It's so easy today. If you can't understand a song lyric, you just Google it and there it is. Those of us who grew up with the music of the '60s and '70s didn't have that luxury. Add in the fact that the songs were played on vinyl and sometimes with scratches versus today's digital technology, it was sometimes decades before one could learn what the artist was actually saying in their songs. Here's a few that I couldn't figure out for years until the arrival of the internet.

1. Hamilton, Joe Frank, and Reynolds had the hit "Don't Pull Your Love." The actual line I couldn't understand was "I'd cry for a hundred years." Somehow I heard them singing I'd raffo a hundred years." I'd never heard of the word "raffo," but that's what I heard.

 

2. Jonathan Fred & His Playboys recorded "Judy in Disguise." It was years before I realized they weren't singing "Judy in the Skies."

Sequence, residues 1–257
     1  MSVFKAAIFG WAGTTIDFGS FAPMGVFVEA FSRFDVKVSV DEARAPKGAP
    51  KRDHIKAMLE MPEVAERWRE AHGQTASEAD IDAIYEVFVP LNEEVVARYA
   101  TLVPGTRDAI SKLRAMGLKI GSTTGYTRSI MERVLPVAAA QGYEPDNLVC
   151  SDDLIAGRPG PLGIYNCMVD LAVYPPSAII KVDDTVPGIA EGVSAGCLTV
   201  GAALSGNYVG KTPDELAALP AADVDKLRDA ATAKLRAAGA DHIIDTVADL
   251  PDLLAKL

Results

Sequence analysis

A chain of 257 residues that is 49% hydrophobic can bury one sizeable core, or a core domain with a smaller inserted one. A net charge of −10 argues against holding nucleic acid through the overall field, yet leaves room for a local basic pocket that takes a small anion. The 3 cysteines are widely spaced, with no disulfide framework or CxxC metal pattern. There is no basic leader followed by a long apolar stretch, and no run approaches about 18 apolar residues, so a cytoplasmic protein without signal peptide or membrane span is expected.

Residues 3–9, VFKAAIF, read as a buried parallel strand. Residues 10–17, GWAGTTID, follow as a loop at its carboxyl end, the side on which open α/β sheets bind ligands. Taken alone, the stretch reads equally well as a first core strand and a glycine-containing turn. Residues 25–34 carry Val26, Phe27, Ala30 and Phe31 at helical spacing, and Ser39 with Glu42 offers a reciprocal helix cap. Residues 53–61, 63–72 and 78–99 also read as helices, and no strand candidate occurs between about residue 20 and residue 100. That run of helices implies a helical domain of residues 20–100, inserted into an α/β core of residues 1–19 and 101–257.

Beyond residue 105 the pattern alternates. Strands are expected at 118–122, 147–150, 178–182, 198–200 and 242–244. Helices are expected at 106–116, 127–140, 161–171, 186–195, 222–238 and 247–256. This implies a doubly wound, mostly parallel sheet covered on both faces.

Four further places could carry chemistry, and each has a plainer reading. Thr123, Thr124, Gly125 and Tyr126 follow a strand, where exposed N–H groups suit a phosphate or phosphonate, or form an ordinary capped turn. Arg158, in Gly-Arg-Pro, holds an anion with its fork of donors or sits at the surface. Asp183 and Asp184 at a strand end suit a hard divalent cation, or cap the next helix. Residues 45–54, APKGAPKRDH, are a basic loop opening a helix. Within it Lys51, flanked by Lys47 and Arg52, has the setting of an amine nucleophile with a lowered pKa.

3. The Clash had a hit in the '80s called "Rock the Casbah." I didn't really catch hardly any of the lyrics. The word "fundamental" is used in the song. For years I thought it sounded like "mental retardation" and I just couldn't see the term being used.

 

4. I bet I wasn't the only one who though Elton John sang "Lucy in the Sky with Dimes." It's actually "diamonds," but that's not what my ears heard.

 

5. One that really sticks in my mind is the song by England Dan and John Ford Coley, "I'd Really Love to See You Tonight." I remember they actually had a discussion on the radio when it was a hit trying to figure out the line "I'm not talkin about the movin in." I recall one of the guesses was that they were singing "I'm not talkin about doin the linen." Once a person knows the actual lyric, you wonder how in the world one's ears can play tricks on them like that.

What were some of the songs you sang the wrong lyrics to for years?